Instead, he smiled a little and said, "I'm not as down on the roster and the team as some of you in the room are. I think there are some things we can do with this team that can be special right now."

That last statement had to sound like angels singing to long-suffering Knicks fans who are tired of the franchise's recent habit of always selling Someday rather than Today.

Jackson's influence on Fisher over the years, and the obvious affection and trust that exists between them, was evident the longer both of them spoke, too.

Jackson was clear during the search process that he wanted someone who believed in his triangle offense and would be an extension of himself on the floor. And Fisher -- who, remember, was with Jackson for nearly half of the 11 NBA titles Jackson won as a coach -- seems to fit that description even more comfortably than Kerr, a former general manager in Phoenix as well as a player for Jackson with the Chicago Bulls. Kerr may have privately had more qualms about Jackson being hands-on than Fisher does, and Kerr never threw off the same enthusiasm about being Knicks coach that Fisher exuded Tuesday when he said, "I look forward to this as much as anything in my professional life.

"This is not a ceremony, this is not for PR, this is not for Phil and I to hang out together as friends," Fisher firmly said. "We want to add more banners."

Fisher's speech is even marbled with many of the same themes Jackson touches on when he's at his Zen Master best. Buzzwords and phrases like "commitment," "accountability," "re-establishing a culture of success," "embracing the challenge" and "living greatness daily" all came up. Jackson said Fisher excels at speaking to other players' "spirits and hearts" and Fisher said the Knicks job was "an opportunity that spoke to me right away."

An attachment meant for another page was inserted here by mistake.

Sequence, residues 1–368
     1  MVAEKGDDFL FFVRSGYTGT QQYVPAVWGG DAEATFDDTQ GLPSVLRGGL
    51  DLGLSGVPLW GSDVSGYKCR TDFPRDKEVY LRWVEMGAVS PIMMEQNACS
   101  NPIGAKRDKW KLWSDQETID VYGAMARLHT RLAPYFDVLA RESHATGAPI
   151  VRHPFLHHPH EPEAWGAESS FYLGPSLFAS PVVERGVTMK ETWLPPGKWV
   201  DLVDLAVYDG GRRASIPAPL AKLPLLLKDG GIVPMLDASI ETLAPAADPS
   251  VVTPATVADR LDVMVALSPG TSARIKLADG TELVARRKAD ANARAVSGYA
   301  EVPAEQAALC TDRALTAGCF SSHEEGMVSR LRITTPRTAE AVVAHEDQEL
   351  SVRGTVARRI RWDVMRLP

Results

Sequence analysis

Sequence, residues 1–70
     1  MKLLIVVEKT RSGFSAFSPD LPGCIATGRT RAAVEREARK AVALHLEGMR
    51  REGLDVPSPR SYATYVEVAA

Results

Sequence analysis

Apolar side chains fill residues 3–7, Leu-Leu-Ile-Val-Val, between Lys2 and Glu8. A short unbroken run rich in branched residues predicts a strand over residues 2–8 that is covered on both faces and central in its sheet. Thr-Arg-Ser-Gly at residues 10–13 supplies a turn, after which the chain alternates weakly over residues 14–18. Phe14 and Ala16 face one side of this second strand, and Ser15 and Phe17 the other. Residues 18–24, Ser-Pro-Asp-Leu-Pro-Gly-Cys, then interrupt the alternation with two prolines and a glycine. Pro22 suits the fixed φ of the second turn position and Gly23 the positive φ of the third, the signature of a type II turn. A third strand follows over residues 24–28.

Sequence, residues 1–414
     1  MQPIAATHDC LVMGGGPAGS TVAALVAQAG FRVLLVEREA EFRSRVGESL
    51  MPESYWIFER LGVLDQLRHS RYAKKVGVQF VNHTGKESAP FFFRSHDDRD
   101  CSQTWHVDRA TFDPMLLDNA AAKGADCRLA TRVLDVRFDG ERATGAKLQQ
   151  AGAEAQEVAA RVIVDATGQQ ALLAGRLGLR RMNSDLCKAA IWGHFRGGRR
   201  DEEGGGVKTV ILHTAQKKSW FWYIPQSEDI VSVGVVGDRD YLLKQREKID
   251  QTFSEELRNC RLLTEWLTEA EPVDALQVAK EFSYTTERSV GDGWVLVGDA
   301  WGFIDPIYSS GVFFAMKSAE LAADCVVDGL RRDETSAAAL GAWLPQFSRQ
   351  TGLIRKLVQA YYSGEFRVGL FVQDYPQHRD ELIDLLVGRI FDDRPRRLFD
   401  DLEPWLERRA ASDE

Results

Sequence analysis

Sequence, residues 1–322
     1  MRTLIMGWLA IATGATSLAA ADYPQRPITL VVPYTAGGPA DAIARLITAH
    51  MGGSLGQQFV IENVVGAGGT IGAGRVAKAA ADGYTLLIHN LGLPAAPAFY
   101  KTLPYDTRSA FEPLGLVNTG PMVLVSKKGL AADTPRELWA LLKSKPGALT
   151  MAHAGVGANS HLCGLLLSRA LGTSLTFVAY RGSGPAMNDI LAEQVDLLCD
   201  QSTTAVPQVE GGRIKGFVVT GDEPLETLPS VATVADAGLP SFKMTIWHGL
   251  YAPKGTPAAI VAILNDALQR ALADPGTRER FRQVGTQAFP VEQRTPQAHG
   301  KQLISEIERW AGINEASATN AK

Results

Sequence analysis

We'll have to wait to see how it turns out. But if nothing else, Tuesday's event was a good optic for the Knicks as they seek to attract star players to New York instead of seeing them constantly get away. And Fisher's first impression should assuage some of the early doubts about Jackson's slow start as team president (a job that he'd never held until now, either). Until the Fisher hiring, Jackson's only move of note had been signing Lamar Odom and getting jilted by ... oh, what was his name again?

By the end, Fisher and Jackson gave the feeling that not only could they make a persuasive and formidable team together, but that they're going to be fun to be around, too.

Fisher laughed a little as Jackson dryly volunteered how he was "chastised and rebuffed by the league" -- meaning fined $25,000 -- for publicly targeting Fisher for the job before the Oklahoma City Thunder, Fisher's previous team, were done playing nine days ago. Jackson also said while he and Knicks GM Steve Mills will handle the first meeting with Anthony about his pending free agency, after that "I may have Derek wear his five rings" when he sits down for his talk with Melo.

Then Phil got a little lyrical himself. Noting that "this generation of players is somewhat different than the one I grew up with ... listening to the Grateful Dead," Jackson smirked and called Fisher "hip-hop ready to get going with this group of guys and their language."

And again Fisher laughed.

"[Coaching] is a young man's job," Jackson added.

And Fisher is his man.